Taking the third component in the covenant, you will see that the standard of morality today is blurred. Absolute ethical standard no longer exists. Polls and majority votes decide morality. Abortion is no longer considered murder. Theft in the form of currency debasement is now termed quantitative easing. Internet pornography is not perceived as adultery. Divorce is now becoming the norm. Same sex marriage is now allowed. LGBT (lesbians, gay, bi-sexual, and transgender) is now increasingly gaining a voice and becoming more influential. We are living in a licentious world. Almost everything is allowed. Each one has his own standard of what is right and wrong.

And since people no longer believe in absolute moral standard, the idea of obedience and disobedience, curses and blessings is unacceptable. People do not believe in divine judgment both in time and eternity. It is primitive and foolish to believe in such things. Global economic crisis and escalating violence around the world are considered natural.

As to continuity, the basic unit of society is breaking down. Fathers are abandoning their children. Rate of crime is increasing. The recent Connecticut massacre is just one example. It appears that the social fabric around the world is about to collapse. We just wonder what the world would look like 10 to 20 years from now if these trends will continue to escalate.

Renewal of Pledge to the Covenant

Returning to our question, I personally believe that economic prosperity is promised to those who will renew their pledge to the covenant. As of now, I cannot elaborate in this article the distinction between the covenant of works and the covenant of grace. It is sufficient to note that all men are under the covenant of works whether they accept it or not.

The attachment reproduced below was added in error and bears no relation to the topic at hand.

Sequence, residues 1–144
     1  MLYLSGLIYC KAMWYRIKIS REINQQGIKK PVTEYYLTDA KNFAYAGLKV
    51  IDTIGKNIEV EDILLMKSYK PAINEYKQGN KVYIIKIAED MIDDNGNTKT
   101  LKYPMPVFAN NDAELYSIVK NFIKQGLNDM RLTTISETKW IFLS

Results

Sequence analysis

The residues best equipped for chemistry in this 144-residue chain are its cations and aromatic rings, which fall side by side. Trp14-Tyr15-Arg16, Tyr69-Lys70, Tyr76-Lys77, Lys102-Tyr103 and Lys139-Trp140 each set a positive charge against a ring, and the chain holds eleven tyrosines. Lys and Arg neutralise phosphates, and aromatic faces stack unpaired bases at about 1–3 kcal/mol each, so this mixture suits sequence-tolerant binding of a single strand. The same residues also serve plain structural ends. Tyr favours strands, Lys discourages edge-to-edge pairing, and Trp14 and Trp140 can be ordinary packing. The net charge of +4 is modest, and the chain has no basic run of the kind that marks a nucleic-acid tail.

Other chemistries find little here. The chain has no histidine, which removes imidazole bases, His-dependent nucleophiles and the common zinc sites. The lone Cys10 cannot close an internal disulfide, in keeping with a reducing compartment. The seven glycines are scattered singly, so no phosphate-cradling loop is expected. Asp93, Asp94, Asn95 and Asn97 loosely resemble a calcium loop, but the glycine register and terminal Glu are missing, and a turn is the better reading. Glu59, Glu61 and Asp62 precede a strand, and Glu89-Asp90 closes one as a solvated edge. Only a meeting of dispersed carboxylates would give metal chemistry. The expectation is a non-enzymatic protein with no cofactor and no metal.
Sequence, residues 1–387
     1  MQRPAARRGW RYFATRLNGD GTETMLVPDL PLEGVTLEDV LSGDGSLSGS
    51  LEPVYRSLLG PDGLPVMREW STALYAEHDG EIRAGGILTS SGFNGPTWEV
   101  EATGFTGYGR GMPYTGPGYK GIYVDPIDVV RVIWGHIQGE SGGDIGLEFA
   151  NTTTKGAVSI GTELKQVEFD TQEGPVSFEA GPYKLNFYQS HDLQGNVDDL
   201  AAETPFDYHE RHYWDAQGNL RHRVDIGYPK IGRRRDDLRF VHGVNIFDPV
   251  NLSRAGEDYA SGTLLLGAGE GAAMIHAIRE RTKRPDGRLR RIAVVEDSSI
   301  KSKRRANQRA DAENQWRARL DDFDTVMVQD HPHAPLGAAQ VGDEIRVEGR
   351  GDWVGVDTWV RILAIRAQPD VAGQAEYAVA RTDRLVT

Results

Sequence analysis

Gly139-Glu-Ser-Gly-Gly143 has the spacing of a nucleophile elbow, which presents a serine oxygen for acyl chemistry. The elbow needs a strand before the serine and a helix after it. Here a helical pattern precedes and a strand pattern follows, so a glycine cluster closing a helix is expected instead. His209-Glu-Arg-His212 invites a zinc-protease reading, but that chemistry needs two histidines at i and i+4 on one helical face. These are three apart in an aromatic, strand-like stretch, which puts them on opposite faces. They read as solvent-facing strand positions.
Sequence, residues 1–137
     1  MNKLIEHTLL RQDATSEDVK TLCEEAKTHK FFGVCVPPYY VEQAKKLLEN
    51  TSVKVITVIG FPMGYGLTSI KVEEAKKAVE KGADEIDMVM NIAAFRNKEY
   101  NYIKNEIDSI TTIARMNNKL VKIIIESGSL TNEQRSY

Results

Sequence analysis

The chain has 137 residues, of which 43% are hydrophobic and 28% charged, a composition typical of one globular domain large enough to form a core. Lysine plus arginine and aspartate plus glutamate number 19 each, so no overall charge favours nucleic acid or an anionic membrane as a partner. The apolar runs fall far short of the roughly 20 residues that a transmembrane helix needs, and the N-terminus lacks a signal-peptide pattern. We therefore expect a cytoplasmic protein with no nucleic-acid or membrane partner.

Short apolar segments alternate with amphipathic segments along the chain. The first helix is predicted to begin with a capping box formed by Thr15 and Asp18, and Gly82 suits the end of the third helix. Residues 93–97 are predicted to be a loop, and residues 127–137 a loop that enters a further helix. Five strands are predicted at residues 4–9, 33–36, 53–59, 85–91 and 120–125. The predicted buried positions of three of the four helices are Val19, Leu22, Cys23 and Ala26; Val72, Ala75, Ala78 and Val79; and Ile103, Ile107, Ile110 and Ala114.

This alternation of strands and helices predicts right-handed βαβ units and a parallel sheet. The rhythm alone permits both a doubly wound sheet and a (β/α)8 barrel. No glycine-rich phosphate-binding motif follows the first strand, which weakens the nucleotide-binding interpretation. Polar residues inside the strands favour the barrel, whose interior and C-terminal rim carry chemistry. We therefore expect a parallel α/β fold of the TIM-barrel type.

As far as King Josiah’s generation was concerned, economic prosperity started in the renewal of pledge to the covenant (2 Kings 23:1-3). Such renewal manifested in religious and social reforms. But it all started with a national gathering. I describe this gathering as a “holy gathering”, a gathering in the presence of the Lord, a gathering centered on the Book of the Covenant.

King Josiah gathered all the elders, priests, prophets, and all the people from the least to the greatest. We need the same kind of gathering today, but ignorance of God’s covenant is the primary obstacle. Even the Church is no longer aware about the existence of such covenant.

In our time, there are so many gatherings of powerful people including politicians, bankers, and economists, and all they can provide is false hope and phony prosperity.

I still believe that education holds the answer to present day economic crisis, but not the type of education that we have right now. The ultimate goal is biblical education. Education in free market ideas and libertarian principles is part of this. I understand this as education in natural revelation. The Bible affirms such type of education. And the best place to start this is among Christian homes. Fathers will play a vital role in this education.


Moses showed the connection between national greatness and following the terms of the covenant. He declared to his generation: “See, I have taught you decrees and laws as the Lord my God commanded me, so that you may follow them in the land you are entering to take possession of it. Observe them carefully, for this will show your wisdom and understanding to the nations, who will hear about all these decrees and say, ‘Surely this great nation is a wise and understanding people.’ What other nations is so great as to have their gods near them the way the Lord our God is near us whenever we pray to him? And what other nation is so great as to have such righteous decrees and laws as this body of laws I am setting before you today?” (Deuteronomy 4:5-8).

Reference: Sutton, Ray R. 1987. That You May Prosper: Dominion by Covenant. Tyler Texas: Institute for Christian Economics.